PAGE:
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“How will you keep your patients safe???”

The link below leads to a PDF version of a presentation by Michael Lord, Doctor of Nursing Practice at Pennsylvania University, Biobehavioral Health Sciences.

Focusing on designing good curriculum, Mr Lord make  strong case for the reduction of biases in judgement and decision making.

Quotes: “Cognitive errors are thought to be a significant factor in medical mishaps.”

Will I carry a copy to me next medical appointment?



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Canadians won’t switch – even when it’s cheaper

Canada’s ‘big 3’ – BCE (‘Bell’), Rogers and Telus – has three quarters of Canadian home internet market. This is in spite of smaller competitors offering the same and better service, cheaper. Why is this?

‘Human nature’ deconstructed here suggest four cognitive biases for this behaviour.

  1. Over estimate of risk – Risk Aversion. Subscribers worry that switching may leave them worse off.
  2. Trust in the established order – Authority Bias. Familiarity breeds trust breed liking.
  3. A misperception that a cheaper price must mean ‘cheap’ service –  Halo effect. If you charge less, you can be perceived as worth less.
  4. Habit and routine – Sunk Cost, Endowment Effect. Inertia and resistance have bases in routines.

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Moral Hazard – The Peltzman Effect

The  Peltzman effect is about “moral hazard” — our tendency to take more risks when we’re insulated from the costs of that risk-taking.

If credit is cheap and easy, do we over-extend ourselves?

If we make cars safer, do people drive with less care and attention?

In an op-ed piece for the Washington Post, this columnist asks if societies’ measures to reverse drug overdoses actually enable drug addiction.

The ‘moral hazard’ of naloxone in the opioid crisis.




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Stockmarket – Mind Games?

Who doesn’t like some thrills every now and then? Or maybe rollercoaster rides belong in theme parks – not in stock markets.

But the stock market is where cognitive biases  how up at the most inconvenient times. Emotions precede reason, and there is no exercise of reason without emotion first. Our reactions are physiologically based: they do not instantly run to the brain centres that promote reasoning.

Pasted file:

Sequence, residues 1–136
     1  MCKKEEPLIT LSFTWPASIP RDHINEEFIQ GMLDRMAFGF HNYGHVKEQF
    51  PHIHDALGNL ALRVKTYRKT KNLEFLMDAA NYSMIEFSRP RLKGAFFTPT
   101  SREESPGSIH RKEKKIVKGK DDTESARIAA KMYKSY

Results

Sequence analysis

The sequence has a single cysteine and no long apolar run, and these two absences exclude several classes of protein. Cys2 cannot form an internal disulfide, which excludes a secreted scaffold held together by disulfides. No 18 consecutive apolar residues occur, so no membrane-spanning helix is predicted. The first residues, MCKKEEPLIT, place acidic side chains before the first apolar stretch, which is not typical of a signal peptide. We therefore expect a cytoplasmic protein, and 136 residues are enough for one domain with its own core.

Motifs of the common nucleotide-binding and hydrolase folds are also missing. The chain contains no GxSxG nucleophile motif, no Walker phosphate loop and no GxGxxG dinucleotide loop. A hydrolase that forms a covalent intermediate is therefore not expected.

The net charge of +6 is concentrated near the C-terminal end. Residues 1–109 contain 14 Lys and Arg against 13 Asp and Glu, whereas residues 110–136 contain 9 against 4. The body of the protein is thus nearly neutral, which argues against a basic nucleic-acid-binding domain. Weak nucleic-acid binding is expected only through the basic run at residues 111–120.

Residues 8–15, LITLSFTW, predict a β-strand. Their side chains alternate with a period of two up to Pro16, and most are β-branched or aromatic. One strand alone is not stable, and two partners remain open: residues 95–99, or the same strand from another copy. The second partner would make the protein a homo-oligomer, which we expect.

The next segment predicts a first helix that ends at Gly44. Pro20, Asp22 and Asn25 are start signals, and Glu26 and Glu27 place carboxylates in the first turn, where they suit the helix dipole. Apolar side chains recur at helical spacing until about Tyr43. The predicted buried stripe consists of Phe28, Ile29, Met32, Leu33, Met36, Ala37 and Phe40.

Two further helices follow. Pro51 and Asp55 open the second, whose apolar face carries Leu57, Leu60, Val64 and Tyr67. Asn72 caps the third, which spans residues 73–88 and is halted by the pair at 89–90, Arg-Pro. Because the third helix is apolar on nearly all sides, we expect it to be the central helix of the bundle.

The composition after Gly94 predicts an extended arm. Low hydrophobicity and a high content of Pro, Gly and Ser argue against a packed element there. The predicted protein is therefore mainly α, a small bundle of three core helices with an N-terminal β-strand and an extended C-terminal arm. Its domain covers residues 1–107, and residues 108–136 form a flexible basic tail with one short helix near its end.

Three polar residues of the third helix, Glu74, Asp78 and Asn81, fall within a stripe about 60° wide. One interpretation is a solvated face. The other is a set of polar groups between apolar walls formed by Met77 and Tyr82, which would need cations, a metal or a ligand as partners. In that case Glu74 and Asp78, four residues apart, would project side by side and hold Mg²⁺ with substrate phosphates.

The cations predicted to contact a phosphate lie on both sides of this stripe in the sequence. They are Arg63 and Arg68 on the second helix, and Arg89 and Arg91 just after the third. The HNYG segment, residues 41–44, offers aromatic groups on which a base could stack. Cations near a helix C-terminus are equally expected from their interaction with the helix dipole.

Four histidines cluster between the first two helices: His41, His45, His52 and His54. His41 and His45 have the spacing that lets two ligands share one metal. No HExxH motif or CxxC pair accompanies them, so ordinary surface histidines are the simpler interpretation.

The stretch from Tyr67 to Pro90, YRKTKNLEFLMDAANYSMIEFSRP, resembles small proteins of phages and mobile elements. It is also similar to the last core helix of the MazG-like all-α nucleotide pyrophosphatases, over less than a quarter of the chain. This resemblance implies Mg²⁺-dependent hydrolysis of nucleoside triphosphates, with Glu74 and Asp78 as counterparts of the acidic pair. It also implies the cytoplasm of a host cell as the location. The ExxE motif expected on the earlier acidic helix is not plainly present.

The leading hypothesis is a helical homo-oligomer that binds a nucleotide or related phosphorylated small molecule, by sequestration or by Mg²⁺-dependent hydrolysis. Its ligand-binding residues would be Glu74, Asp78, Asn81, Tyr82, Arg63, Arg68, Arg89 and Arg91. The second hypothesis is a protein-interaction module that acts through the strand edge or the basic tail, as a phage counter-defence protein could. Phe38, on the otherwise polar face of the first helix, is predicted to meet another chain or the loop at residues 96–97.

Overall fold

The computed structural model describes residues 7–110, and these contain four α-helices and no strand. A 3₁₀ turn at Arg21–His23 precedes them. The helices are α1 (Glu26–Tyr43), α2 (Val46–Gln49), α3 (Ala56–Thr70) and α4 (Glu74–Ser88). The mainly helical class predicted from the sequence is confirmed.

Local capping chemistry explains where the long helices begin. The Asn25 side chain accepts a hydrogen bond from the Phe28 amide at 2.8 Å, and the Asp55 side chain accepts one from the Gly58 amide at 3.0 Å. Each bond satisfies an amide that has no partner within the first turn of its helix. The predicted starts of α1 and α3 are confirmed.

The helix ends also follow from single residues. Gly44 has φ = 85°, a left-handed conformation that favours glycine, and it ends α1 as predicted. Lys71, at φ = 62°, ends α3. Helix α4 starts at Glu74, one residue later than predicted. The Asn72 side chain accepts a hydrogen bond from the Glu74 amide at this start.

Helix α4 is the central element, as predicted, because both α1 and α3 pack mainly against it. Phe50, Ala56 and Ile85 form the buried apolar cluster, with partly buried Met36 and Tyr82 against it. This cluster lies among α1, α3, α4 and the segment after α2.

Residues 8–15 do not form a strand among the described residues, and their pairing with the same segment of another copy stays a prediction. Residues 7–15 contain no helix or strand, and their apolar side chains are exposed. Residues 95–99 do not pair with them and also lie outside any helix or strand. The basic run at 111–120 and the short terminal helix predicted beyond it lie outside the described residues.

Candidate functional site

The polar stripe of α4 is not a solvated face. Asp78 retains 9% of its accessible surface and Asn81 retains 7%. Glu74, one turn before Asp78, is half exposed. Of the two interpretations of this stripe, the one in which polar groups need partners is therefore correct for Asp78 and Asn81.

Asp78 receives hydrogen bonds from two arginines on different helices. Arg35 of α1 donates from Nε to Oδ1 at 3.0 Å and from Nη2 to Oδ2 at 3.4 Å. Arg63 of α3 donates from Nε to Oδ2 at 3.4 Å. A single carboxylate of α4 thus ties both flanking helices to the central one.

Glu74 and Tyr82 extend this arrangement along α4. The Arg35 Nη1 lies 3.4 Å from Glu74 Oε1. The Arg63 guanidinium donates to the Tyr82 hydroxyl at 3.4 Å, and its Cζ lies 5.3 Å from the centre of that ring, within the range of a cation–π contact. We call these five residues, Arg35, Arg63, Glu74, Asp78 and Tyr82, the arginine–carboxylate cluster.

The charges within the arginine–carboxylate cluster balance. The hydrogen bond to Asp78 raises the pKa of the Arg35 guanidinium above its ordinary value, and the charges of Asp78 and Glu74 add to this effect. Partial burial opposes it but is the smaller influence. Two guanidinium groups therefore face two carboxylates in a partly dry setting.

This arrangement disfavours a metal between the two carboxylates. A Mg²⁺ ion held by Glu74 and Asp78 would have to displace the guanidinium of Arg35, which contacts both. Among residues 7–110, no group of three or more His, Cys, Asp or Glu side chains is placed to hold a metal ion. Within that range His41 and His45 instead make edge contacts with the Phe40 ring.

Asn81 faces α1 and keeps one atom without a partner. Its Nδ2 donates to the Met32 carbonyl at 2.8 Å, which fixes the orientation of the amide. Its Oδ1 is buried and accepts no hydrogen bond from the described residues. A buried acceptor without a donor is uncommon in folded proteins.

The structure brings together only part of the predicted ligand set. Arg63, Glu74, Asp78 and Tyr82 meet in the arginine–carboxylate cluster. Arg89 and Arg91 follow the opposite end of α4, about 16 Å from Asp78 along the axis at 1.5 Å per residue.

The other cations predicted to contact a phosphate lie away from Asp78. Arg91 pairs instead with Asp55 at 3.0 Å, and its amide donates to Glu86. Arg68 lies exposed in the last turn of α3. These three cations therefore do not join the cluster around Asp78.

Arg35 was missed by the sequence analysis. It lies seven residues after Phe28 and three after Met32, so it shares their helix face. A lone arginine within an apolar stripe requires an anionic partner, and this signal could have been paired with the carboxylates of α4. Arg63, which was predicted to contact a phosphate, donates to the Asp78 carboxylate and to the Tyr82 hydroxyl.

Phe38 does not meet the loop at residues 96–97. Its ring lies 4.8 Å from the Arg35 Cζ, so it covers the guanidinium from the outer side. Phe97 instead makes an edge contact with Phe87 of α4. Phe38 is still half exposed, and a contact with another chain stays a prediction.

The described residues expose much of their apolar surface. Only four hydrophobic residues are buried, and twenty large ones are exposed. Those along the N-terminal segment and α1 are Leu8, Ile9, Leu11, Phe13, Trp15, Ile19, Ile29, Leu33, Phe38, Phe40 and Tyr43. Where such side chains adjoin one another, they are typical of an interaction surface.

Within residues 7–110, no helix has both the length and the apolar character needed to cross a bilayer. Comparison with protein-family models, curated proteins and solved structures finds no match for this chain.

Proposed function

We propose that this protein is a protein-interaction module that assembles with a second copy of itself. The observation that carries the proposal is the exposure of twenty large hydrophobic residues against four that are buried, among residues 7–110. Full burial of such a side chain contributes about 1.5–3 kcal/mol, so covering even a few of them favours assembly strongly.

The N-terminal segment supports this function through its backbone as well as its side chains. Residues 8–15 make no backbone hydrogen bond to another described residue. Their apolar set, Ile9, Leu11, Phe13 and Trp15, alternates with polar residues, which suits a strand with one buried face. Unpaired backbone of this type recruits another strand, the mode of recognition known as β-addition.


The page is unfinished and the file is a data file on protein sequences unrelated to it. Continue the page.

• Gamblers’ Fallacy: You have told yourself that the market has been going up and up – isn’t that ‘proof’ that you should buy in, or stay in? You know it’s a gamble but if the past ten days have produced gains, then buying in is less of a gamble…
  • Status-Quo: Should you have changed your profile, your strategy? When, today when stocks are taking a hit, or three months ago, when commentators you respect were warning of a correction? Inertia is a very powerful force…
  • Negativity: The bad news is always front on mind – it’s why the evening news is full of tragedies and conflicts. But is the stock market now a mess, a total catastrophe from which you should flee, no matter the cost?
  • Bandwagon Effect: Fear and greed rule the markets. If everyone is piling in to buy, that is when the rational person knows it is time to step back.  Otherwise he or she is letting confirmation bias distort thinking.
  • Loss-Aversion: Your stock may have just dropped in value. Part of you wants to sell and flee, but you cannot help wanting to wait, to recoup your money… How long will you wait?
  • Overconfidence: If you are proud of being an original thinker, or that your have unique insights or know-how, good for you. We all need to feel we can make our mark and have things come around our way. But if you need to imagine that you know better than the millions of other investors and gamblers in the stock market, that is closer to megalomania or narcissism than anything else.
  • Endowment Bias: This is the corollary of the Loss Aversion bias: we imagine that whet we have is worth more than similar objects that others have or own. ‘My antique table is better than your antique table.’ You wish: but this is a projection of your own belief that you (and your possessions) are more important than others’.  Your stock is only as valuable as the price it will fetch…
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End of days – what, again?!

We’re never short of commentary and predictions about the decline of the West.

The usual culprits are environmental destruction, wars, and natural disasters. In a New Scientist article, Laura Spinney (‘Pale Rider: The Spanish Flu of 1918 and How it Changed the World’ 2016) offers a take on how things might unravel – our ever-increasing ignorance of how to keep our societies functioning and adapting to the pace of technological change.

Sorry, it’s not a re-tread of the old reliable ‘Kids these days, they’re so …!’ It’s all of us, and it’s built in: we don’t just like the short-cut thinking that Kahneman and Tversky explored in their ‘Thinking Fast and Slow’ – we live it.

But as our analytical skills degrade, who will run things that require the methodical, rational, time-consuming work to keep our screens on?

Read more here.